Tuesday, September 1, 2009

A Day in the Life of...

Monster makeup application by Tim Vittetoe and Lisa Hansell. Watch the video on YouTube here: http://www.youtube.com/watch?v=99BVvYy3lWU. Frankenstein played by Stephen Gregory.

Link to Special Effects Demo Reel

Here's a link to a 6 minute special effects demo reel: http://www.youtube.com/watch?v=6d2eOab8-OA

Thursday, July 2, 2009

Link to "How to Make a Monster" article in Horror Show Magazine

Make your own zombie following the steps in issue number 4 of "Horror Show Magazine". You can also visit us online at www.propsandmakeup.com to get zombie prosthetics.

Link to Makeup 101 on Star Trek: Of Gods and Men

Here's a link to a behind the scenes video about some of the special effects makeup used on the full-length movie Star Trek: Of Gods and Men: http://www.veoh.com/videos/v863396bSA6XGgR. Enjoy.


When Should I Use Spirit Gum?

Spirit gum is a very tacky and forgiving adhesive, typically used to hold hair onto skin. It is often used to apply beards, mustaches and eyebrows. It can also be used to attach foam latex appliances to the skin.

To use spirit gum properly, you will need to apply it to the skin, then wait a few seconds and tap the area on the skin with your finger. When it's tacky, it's ready to be used as an adhesive.

Spirit gum is typically also used by makeup beginners who need a more forgiving way to apply foam latex. With spirit gum, the appliance can be repositioned if needed to make adjustments.

Find out more about adhesives.

You can also visit us online at www.propsandmakeup.com

Making PAX Paint

PAX paint is used to seal a foam latex appliance before putting on makeup. It provides a foundation without the need for castor oil or another barrier before creme makeup is applied.

PAX paint is made of two things: prosthetic adhesive and acrylic paint. It generally is a 50-50 mix and is used to color and seal a foam latex appliance. While you can make your own, PAX paint also is available through Burman Industries as "PAX Paint", uses RCMA colors and is approved by Dick Smith.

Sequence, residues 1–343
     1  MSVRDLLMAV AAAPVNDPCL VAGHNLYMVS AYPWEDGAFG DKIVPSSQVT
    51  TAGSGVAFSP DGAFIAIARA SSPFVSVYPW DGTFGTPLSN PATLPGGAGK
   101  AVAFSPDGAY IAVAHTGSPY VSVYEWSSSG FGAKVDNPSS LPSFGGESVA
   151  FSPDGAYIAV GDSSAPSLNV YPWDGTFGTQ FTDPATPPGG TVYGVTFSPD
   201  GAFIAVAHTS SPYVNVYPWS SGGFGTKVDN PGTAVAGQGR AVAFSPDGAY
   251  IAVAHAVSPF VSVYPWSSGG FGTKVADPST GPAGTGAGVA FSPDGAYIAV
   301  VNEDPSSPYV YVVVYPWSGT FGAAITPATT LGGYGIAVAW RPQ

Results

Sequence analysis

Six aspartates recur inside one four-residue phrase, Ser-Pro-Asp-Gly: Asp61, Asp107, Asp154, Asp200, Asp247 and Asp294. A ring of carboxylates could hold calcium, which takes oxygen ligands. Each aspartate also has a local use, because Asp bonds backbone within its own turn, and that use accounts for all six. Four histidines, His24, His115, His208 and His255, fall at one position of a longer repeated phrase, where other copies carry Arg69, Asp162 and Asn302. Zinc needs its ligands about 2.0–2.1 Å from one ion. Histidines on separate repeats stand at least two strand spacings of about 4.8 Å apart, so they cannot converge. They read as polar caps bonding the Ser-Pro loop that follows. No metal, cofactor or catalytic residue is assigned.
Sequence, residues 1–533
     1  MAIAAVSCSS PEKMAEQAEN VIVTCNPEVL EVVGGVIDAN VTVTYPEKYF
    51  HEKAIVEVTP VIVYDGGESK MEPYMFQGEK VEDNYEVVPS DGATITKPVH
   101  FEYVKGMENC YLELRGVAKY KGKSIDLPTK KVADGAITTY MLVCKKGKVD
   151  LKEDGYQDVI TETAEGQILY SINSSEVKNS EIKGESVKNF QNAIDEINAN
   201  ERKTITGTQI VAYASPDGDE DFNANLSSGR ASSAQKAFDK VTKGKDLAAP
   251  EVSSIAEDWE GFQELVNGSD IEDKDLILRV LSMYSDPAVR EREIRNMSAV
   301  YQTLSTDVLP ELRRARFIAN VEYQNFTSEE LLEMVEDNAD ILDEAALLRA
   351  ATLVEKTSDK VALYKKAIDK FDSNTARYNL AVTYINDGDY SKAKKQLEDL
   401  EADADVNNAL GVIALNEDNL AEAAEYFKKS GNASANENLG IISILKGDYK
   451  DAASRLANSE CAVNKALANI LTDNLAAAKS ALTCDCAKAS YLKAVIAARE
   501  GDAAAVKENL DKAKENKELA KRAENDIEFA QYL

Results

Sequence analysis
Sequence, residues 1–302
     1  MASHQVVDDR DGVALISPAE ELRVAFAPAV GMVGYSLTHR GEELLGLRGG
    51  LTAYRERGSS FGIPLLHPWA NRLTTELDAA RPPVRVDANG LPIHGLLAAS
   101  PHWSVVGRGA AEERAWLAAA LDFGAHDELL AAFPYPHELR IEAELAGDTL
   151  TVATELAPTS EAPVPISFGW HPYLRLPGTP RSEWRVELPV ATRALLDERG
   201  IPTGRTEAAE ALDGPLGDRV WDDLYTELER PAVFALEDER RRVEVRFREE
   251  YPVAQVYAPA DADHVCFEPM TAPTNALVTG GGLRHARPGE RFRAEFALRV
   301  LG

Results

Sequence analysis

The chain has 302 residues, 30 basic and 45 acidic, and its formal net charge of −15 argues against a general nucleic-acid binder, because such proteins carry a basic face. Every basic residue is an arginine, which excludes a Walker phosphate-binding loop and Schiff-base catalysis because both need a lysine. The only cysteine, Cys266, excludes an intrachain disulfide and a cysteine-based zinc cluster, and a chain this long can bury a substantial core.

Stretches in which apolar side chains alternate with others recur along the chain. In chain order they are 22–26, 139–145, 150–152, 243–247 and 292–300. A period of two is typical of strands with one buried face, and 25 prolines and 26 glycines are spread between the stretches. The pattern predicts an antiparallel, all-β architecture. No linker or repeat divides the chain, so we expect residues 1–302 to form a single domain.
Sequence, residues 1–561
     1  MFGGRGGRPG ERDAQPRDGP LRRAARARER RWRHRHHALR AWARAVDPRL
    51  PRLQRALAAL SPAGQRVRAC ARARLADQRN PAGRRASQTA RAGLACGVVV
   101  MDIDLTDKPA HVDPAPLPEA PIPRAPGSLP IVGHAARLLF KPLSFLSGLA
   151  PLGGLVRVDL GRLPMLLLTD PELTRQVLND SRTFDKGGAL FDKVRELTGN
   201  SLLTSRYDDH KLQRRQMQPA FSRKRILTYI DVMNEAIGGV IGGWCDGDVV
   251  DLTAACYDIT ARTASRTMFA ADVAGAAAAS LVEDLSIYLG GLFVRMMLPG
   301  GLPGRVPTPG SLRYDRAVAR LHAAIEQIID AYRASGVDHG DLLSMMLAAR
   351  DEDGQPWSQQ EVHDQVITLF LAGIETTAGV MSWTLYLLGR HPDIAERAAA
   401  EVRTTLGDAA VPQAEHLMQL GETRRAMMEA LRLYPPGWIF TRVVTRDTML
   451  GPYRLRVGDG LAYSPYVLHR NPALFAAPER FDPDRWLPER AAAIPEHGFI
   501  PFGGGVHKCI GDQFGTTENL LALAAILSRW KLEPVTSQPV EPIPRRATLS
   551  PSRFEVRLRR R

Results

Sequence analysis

Apply PAX paint using a white makeup sponge, blotting the foam latex prosthetic with the PAX paint. The paint will stay flexible while sealing the foam latex, making it ready for applying either creme or RMG makeup.

Visit us online at www.propsandmakeup.com

Hiding Foam Latex Edges

One of the keys to getting a great looking foam latex application is getting the edges right. Here's how...
After attaching the foam latex appliance with prosthetic adhesive, smooth the edges with 99% rubbing alcohol (avoid getting the alcohol in the eyes). If you still have a step down from the foam latex piece to the skin, you can mix up a little makeup "bondo", which is 50% prosthetic adhesive mixed with 50% cabosil, or translucent powder. Using the paste, you can smear a small amount onto the edge of the prosthetic and skin, filling in the gap. If you add too much, allow to dry and then apply a little 99% rubbing alcohol with a smooth brush to blend the makeup bondo with the skin and appliance. Be sure to allow the makeup bondo to dry. Next apply RMG (or castor oil followed by creme makeup) to the appliance. You'll be able to see where additional bondo is needed. Next, use a stipple sponge with prosthetic adhesive along the edge. The roughness will add realism. If done right, you won't see where the appliance ends and the skin begins. Have fun!